The scientific consensus on the Big Bang as the origination of the observable universe is backed by physically measurable evidence, including the cosmic microwave background (CMB), which permeates the universe as electromagnetic radiation from an early stage of the universe. In the Islamic tradition, creation is described as a moment of creation ex nihilo, or out of nothing. Popular conceptions of the Big Bang imagine a moment before time where all matter and energy is concentrated at a single point and then expands.

The Islamic conception gives the agent of creation as God, but the scientific view does not offer any agency to the beginning of the universe, largely because scientific evidence does not exist to say anything one way or the other—it is agnostic. Religious charges against scientific explanations of creation take this point as problematic, pointing out that someone had to have started the process. The main tenets of these counterarguments are largely shared in Western discourses about creation and, in particular, in evangelical Christian creationist rhetoric. In fact, a pattern has emerged where, when scientific discourse is produced in the West, the counter-reaction to new discoveries often first emerges in Christian circles, and their counter-arguments are often recycled uncritically by Muslims in other parts of the world. Creationism thus has its advocates in the Islamic world as well. Meanwhile there are, of course, many Muslim scientists and scholars who understand the contemporary consensus on the origins of the universe.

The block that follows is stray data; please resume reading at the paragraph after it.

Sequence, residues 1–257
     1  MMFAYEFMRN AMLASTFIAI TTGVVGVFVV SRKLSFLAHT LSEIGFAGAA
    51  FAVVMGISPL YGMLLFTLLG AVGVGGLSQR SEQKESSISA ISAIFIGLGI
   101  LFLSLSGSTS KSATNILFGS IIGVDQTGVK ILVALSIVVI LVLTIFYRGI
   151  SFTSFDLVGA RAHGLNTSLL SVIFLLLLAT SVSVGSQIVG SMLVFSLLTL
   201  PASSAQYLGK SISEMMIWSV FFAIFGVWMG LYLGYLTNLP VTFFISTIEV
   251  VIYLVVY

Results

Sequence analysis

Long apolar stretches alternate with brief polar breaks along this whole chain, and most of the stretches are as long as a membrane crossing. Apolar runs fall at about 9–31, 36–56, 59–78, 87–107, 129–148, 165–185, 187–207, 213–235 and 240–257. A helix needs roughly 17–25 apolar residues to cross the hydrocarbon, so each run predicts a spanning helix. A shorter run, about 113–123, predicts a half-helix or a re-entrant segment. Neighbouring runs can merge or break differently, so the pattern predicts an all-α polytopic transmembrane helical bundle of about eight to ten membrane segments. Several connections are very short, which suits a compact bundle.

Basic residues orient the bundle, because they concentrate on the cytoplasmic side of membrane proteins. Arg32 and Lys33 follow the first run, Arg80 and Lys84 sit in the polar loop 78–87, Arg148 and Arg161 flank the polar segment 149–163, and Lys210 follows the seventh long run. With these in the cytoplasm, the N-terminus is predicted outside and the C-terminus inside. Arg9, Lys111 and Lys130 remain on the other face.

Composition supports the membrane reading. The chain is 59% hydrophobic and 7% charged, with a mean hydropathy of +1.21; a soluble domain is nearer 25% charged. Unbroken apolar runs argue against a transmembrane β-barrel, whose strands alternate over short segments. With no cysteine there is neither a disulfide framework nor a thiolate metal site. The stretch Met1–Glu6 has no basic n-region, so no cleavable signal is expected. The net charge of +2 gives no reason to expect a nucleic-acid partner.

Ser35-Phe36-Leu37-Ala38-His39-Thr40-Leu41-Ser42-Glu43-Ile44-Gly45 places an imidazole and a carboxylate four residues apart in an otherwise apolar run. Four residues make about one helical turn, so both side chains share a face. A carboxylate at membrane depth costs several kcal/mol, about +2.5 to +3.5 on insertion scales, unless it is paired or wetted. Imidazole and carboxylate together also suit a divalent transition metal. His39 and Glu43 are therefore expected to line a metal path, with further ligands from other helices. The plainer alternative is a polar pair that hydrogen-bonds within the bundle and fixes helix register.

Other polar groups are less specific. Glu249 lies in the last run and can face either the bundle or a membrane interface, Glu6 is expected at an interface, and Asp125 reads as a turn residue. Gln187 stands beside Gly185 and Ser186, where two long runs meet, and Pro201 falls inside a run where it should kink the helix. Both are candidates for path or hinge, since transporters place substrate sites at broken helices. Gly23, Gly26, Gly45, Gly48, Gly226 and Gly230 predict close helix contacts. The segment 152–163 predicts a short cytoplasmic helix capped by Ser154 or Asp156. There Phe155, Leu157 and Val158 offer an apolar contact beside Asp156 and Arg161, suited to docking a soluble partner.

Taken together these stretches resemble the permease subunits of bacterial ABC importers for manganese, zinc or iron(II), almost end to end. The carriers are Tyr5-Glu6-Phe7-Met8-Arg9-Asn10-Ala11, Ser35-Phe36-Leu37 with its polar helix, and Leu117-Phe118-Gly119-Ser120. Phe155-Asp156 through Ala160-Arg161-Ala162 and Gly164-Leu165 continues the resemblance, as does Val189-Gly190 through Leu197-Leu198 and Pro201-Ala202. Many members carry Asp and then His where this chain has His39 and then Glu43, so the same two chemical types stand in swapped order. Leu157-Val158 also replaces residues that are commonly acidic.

In this section we will learn about current theories about the origins of the universe, as well as consider the effect the changes in scientific discourse about the heavens has had on interpretation of scripture.

Key terms:

  • Big History
  • Big Bang
  • “Dark” matter
  • Standard model
  • Cosmogony
  • Exegesis

 

Thumbnail: The ‘Pacman Nebula.’ Photo Credit: NASA’s Marshall Space Flight Center, 09/28/11. CC BY-NC 2.0.

Learning Materials: